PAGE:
"There are few things I love more than good food and a killer wine pairing. When I first tasted our new white wine release, Summer of '69, I knew I had the perfect recipe to match. This Garlic Shrimp and Chorizo appetizer was inspired by a dish I cooked in culinary school, and holy $@!# is it delicious. Combined with the tingling acidity and texture of the wine, this pairing is a straight-up party in your mouth."
-Grace, Marketing Team
Recreate the pairing at home and score $1 shipping on any 3 bottles with code: INTHEKITCHEN at checkout through 9/5.
8 oz Rock Shrimp
8 oz Ground Pork Chorizo
2 tbs Garlic, minced
1 c Dry White Wine
2 tbs Butter, cubed
1 tsp Parsley, chopped
Olive Oil, as needed
Foccacia, sliced, for serving.
Heat a cast-iron skillet over medium heat. Add approximately 1 tbs of olive oil to the pan. When the oil begins to ripple, add pork chorizo to the pan, breaking the meat up into small chunks.
When the pork sausage is two-thirds of the way cooked, lower the heat, add garlic and stir until fragrant. Bring heat back up to medium and deglaze with 1 cup of white wine. Add rock shrimp to the chorizo mixture. Season with salt and pepper and continue to gently stir to cook.
Add butter and stir to incorporate into the juices from the shrimp and chorizo mixture. Check doneness on shrimp and chorizo and season to taste, as needed. Garnish with chopped parsley.
Serve with grilled Foccacia or your favorite crusty bread and enjoy!
Tip: There are two different styles of chorizo – for this preparation, you are looking for raw ground sausage, not smoked.
Recipe by Grace Coyne
If you don't know the name Dwight White II yet, don't worry, you will soon. This Chicago-based painter is one of the hottest emerging artists on the block right now, known for blending realism with expressionism, creating art with soul and empowerment.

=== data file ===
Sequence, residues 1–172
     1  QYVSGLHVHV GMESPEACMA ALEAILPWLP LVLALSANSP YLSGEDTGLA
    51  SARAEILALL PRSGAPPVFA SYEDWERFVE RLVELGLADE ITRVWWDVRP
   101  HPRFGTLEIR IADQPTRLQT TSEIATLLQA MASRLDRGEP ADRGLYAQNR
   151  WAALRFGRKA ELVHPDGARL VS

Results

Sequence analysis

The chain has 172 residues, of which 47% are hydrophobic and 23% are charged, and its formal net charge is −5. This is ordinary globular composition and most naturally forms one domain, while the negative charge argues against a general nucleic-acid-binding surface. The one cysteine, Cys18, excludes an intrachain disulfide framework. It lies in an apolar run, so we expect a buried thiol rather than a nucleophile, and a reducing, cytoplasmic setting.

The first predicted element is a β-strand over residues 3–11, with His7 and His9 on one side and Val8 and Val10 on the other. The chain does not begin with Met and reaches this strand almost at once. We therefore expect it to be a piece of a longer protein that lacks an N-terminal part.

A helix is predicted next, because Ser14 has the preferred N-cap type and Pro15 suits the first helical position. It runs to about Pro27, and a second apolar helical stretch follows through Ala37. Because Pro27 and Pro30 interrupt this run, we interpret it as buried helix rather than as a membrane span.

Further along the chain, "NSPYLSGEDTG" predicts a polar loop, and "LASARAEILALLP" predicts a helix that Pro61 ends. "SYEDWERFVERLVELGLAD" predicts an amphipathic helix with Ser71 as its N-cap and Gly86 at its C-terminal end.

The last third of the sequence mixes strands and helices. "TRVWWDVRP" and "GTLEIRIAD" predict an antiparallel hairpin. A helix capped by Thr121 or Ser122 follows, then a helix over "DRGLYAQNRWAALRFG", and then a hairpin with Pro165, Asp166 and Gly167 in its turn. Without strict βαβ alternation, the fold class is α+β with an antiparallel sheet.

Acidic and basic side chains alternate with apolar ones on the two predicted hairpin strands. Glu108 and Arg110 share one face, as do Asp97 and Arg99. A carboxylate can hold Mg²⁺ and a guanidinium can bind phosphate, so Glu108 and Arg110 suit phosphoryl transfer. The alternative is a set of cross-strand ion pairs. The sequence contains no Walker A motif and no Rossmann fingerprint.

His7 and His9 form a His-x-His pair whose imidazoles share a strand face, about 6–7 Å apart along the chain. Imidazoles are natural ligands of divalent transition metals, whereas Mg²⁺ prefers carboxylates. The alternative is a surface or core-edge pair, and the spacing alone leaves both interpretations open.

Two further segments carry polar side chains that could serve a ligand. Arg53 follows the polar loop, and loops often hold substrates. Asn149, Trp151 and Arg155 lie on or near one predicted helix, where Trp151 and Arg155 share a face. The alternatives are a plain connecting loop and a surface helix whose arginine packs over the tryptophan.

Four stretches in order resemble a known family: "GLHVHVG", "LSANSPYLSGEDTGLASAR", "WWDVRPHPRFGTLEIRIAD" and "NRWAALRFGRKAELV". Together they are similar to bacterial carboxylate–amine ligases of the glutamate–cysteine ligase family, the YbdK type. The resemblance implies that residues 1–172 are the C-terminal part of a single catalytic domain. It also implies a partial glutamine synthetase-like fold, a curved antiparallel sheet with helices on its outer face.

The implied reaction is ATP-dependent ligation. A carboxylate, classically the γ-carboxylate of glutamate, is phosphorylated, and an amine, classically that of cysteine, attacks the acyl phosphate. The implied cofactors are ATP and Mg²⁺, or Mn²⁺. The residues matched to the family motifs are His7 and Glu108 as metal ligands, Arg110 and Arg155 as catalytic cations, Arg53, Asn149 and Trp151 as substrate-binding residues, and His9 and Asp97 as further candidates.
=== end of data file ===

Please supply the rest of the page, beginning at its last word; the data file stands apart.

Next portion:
White describes himself as a thought leader and a son of good parents. Raised in Houston, he departed from his Texas roots to pursue football at Northwestern University just outside of Chicago. His Junior season came to a sudden end after a medical retirement forced him to give up the game he loved and his identity as an athlete with it.
Though he had long kept his creative inclinations on the back-burner, White began to indulge his talents and slowly began to paint a new version of self through art. "I had to start seeking a new version of myself. Tough times, but a lot of beauty came out of it."
He strives to "paint truthfully," using color to provoke emotion, capturing his ever-evolving moods and beliefs. "What makes my art special to me is I include hidden elements and symbolism and the only way to pick them up is to travel with me. Each piece has different elements from the different times I'm working on it. One day, one stroke, another day, another stroke."
Great art, White tells us, requires points of tension, and in the piece used for Reborn, he sees a young man, with his back to the world, trying to find beauty in the struggle. It's a significant message to him because it is about change.
That message of change remains an important impetus to White, one he wishes to pass on. "What I want young people to know is to be ready and open to change. Magical changes can happen. We get that opportunity several times in our life. Lean in to change, into discomfort. Get comfortable being uncomfortable."
Reflecting on racism and change in America, White has two perspectives. First, as a young Black man who has himself been deprived of acknowledgment. The second, as an artist, who feels an obligation to help inspire people through his work. "We can use humanity and love to grow apart or grow together. Empathy is a beautiful thing."